Researchers discover another role for cell protein

From left: Graduate students Yo-Chuen Lin and Rosaline Hsu, Mariam Komal Harif, and cell and developmental biology professor Supriya Prasanth uncovered a previously unknown role for a key cell protein in maintaining genomic stability.

Discovery provides deeper insight into DNA and the fight against cancer

A research group at Illinois has found that a protein previously thought to be active only in cell repair is required for DNA replication, a transformational discovery recently published in the Proceedings of the National Academy of Sciences (USA).

With cell duplication posing a risk to genome stability, the protein RFWD3 not only repairs DNA damage, but researchers found that it is critically important in preventing damage during normal DNA replication—the process by which cells duplicate their DNA. Understanding RFWD3 is critical to maintaining genomic stability and preventing diseases such as cancer, where abnormal cells relentlessly replicate and spread to surrounding tissues.

“It's a paradigm shift in the way we think about how this protein functions,” said Supriya Prasanth, professor of cell and developmental biology.

Replication stress, the primary cause of genome instability, is defined as the slowing or stalling of replication forks—the structure where DNA replication takes place. The stress usually occurs when there is an uncoupling between DNA strand unwinding and synthesis of new DNA, causing abnormal fork structure and resulting in replication fork stalling.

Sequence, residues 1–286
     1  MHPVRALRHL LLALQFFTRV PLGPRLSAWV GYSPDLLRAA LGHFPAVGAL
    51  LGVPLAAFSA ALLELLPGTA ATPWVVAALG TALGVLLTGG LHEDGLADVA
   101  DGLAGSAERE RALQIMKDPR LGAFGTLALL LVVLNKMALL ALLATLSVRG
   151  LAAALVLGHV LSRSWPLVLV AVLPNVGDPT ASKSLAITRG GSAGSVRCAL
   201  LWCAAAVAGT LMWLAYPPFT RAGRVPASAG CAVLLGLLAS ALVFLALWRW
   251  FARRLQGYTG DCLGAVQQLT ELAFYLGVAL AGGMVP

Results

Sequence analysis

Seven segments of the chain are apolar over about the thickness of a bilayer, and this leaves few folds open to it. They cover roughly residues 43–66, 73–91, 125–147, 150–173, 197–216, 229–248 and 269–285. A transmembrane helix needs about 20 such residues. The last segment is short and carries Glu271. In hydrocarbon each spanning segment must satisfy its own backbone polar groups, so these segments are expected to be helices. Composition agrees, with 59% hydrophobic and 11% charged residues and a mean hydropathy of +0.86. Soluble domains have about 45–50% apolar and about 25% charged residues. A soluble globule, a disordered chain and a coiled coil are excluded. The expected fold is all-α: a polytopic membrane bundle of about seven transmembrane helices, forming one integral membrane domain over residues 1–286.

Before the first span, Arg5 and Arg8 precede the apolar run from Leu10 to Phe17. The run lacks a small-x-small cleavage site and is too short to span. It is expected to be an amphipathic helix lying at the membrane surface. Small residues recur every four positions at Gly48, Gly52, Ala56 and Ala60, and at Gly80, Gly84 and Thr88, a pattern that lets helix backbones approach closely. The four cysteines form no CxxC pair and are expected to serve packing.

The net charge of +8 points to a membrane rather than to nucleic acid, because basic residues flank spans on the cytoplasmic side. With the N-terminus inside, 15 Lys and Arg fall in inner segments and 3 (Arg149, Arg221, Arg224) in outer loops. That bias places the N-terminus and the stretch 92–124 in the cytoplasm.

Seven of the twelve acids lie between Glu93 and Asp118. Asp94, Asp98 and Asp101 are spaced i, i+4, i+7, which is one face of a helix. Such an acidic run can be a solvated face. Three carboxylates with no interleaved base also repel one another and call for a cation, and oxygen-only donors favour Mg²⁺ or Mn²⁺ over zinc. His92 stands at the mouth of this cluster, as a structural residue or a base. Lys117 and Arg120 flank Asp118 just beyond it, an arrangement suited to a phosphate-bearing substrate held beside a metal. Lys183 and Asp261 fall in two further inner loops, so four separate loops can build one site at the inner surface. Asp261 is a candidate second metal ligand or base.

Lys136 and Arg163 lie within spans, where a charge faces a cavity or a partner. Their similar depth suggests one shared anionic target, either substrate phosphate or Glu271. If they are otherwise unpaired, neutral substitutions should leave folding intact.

Mutations in RFWD3 were associated with fanconi anemia, a rare disease that affects the bone marrow and blood cell production. Fanconi anemia is caused by abnormalities in a genome that prevents cells from repairing damaged DNA. Along with originating within a cell, DNA damage can be caused by chemotherapy, a cancer treatment given to block cell division.

The graduate students, Yo-Chuen Lin, Yating Wang, and Rosaline Hsu, have worked with Prasanth for years, working to understand why RFWD3 was crucial for DNA replication.

“It was really special, especially for the graduate students, to be able to see that their discovery is now going to be read by all the peers in the field,” Prasanth said.

January 15, 2019 All News